Polygon is kicking off its best of entertainment series, which will run through the end of December and beginning of January, coming to a close just before the 2017 Golden Globes. These personal essays will examine the best, most important and weirdest moments that occurred in television, film, streaming and YouTube/Twitch in 2017. Each will examine why the author believes that moment to be one of 2017’s most extraordinary. The series will end with Polygon’s Best of TV and Best of Movies pieces.
It’s easy to write off coming-of-age comedies as passé when every network and streaming service is trying to shove them down our throats.
Why bother sitting through another story about a group of teenagers as they learn to deal with newfound sexual urges, relationships, body changes and general malaise when it feels like we’ve seen it before? With a sea of teenage stories on just about every network, the arrival of Big Mouth on Netflix shouldn’t have been seen as this monumental victory for the genre, but it is.
The fact that four months after its premiere Big Mouth remains the most impressive series (that almost no one is talking about) to debut this year speaks volumes about how important innovation in stale genres is.
Created by comedian Nick Kroll, Andrew Goldberg (Family Guy), Jennifer Flackett (Beverly Hills, 90210) and Mark Levin (The Wonder Years), Big Mouth follows two pre-teens, Nick Birch (voiced by Kroll) and Andrew Glouberman (voiced by comedian John Mulaney), as they enter puberty. Along with their group of junior high friends, Big Mouth explores just about every topic important to people of that age: first periods, unwanted erections, sexual orientation, dating, pornography, friendship and popularity.
Big Mouth uses grotesque characters like the “Hormone Monster” and the “Hormone Monstress” as a way of really exploring how awkward puberty can be, but does so in the lewdest way possible. The jokes are crass, and the conversations are even crasser, but the heart of Big Mouth isn’t its comedy. What makes Big Mouth stand out from the dozens of other series that touch on the same subject matter is the unapologetic, genuine approach to exploring how these kids feel.
Think back to that time in your life when you were first going through puberty and trying to understand what was going on with your body. It’s literally and figuratively a messy time, but it’s the emotional complications that accompany unwanted body hair, acne, body odor and mental crises that stick out. Becoming a teenager can be pretty traumatic, and that’s what Big Mouth focuses on for the entirety of its 10 episodes.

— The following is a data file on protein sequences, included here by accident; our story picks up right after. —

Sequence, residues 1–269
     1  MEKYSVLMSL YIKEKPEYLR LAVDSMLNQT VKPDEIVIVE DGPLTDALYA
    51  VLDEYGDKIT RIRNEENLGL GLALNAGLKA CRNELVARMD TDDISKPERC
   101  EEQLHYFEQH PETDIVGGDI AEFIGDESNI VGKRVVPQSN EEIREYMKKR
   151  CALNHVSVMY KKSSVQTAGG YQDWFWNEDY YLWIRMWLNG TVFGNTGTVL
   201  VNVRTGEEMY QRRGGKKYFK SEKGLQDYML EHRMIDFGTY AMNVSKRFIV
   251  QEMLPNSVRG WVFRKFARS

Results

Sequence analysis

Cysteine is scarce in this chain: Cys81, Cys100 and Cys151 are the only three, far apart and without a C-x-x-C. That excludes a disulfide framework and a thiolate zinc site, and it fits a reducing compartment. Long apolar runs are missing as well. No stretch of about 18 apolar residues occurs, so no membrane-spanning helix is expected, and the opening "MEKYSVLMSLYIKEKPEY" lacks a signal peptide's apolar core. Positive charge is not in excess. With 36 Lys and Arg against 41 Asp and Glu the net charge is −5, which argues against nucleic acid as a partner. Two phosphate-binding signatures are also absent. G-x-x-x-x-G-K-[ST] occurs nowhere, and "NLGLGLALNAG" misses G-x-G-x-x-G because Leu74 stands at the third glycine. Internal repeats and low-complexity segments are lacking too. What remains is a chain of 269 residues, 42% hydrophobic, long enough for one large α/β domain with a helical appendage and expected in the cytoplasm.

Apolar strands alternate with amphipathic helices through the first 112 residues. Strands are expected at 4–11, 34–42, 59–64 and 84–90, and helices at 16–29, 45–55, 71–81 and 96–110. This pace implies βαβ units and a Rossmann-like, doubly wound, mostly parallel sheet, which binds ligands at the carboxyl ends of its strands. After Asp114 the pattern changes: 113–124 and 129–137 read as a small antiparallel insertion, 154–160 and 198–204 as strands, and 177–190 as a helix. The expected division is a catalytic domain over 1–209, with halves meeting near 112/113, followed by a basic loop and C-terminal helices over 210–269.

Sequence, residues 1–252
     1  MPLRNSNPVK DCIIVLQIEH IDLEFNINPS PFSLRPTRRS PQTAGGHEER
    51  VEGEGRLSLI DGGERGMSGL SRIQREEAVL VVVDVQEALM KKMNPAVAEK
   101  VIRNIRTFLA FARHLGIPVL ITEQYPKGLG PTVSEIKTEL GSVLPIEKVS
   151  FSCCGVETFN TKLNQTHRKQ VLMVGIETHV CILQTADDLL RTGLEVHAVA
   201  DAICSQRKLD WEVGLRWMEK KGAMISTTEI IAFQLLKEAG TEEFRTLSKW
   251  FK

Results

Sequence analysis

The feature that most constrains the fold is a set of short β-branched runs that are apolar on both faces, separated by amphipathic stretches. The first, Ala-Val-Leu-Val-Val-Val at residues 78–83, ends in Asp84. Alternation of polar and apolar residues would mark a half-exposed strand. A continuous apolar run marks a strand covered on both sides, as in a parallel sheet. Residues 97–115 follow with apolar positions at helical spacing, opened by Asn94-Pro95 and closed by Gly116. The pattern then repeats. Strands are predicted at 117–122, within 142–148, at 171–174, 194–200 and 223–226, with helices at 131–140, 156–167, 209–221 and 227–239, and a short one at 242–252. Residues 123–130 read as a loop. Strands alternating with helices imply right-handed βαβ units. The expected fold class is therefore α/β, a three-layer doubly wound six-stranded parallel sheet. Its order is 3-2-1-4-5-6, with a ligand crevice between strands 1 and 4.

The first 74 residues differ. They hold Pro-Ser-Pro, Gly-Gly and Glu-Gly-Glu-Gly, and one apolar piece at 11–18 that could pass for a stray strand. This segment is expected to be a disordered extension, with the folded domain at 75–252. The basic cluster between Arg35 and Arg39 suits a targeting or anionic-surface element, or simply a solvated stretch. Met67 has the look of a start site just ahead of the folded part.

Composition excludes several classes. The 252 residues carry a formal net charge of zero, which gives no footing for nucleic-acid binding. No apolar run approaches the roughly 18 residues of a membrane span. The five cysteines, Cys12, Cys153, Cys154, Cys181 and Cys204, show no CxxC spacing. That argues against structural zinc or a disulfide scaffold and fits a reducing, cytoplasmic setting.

Big Mouth turns those scary moments of uncertainty into literal monsters that only the affected tween can see. They have a bond with their hormone monster who they’re revolted by, but also rely on for centuries-old wisdom. Big Mouth gives its characters an entity to point to and blame for all of life’s mishaps; by shaping puberty as an unrelenting gargoyle, Big Mouth reinvigorates one of television’s most well-worn topics.
This isn’t South Park, and it’s not Clone High. It’s not a juvenile take on a universal subject and it’s not a show about younger characters designed for an intellectual audience, but that’s what makes Big Mouth so special. Being a teenager isn’t a cookie-cutter experience; it’s different for every person.
It could be the best part of someone’s life or, alternatively, it could be the worst. This type of nuanced behavior, the trickiness that underlines the life of teenagers around the world, is what creator Nick Kroll was trying to address with Big Mouth.
“We navigate a bunch of different tones because something like puberty and adolescence is not a simple thing,” Kroll told Thrillist. “I don't think people connect that so much of what's happening to your body is also happening to your emotions. That means there are going to be really funny moments, really angry moments, really sad moments.”
Big Mouth can be difficult to watch at times because so much of it still resonates. If you’re over the age of 17, going back to that period of your life when you thought you were the monster because of everything happening to you is like an emotional cleanse. If you’re a teenager right now, I can imagine it’s hitting home even harder. What Kroll and his colleagues manage to do so wonderfully is put themselves back in that mentality, re-experiencing what they went through as teenagers and trying to address the puberty monster again as adults.
The show is a riot and doesn’t hold back shots at the comedic sides of puberty, but Big Mouth never mocks the feelings teenagers face. Kroll reinforces that their emotions are valid; teens are allowed to feel sad or excited or angry because those feelings are real and they shouldn’t be ashamed of them. Big Mouth succeeds because its writers understand how scary being a 13-year-old is — and never tries to belittle its characters for being of a certain age.
When I first saw a trailer for Big Mouth, I was turned off by the art style and, what I assumed to be, very South Park-style jokes. It wasn’t until I was bored and decided to give it a shot that I found myself marathoning all 10 episodes in one day. I still revisit the series often, much like I do 30 Rock, BoJack Horseman, Arrested Development or Friends, and it’s become a staple for how I see the coming-of-age subgenre developing in the next few years.
Almost no one talked about Big Mouth in 2017, and that’s a downright shame. I hope by this time in 2018, Big Mouth is regarded and celebrated for the fantastic piece of television that it is.
All of Big Mouth’s first season can be streamed on Netflix.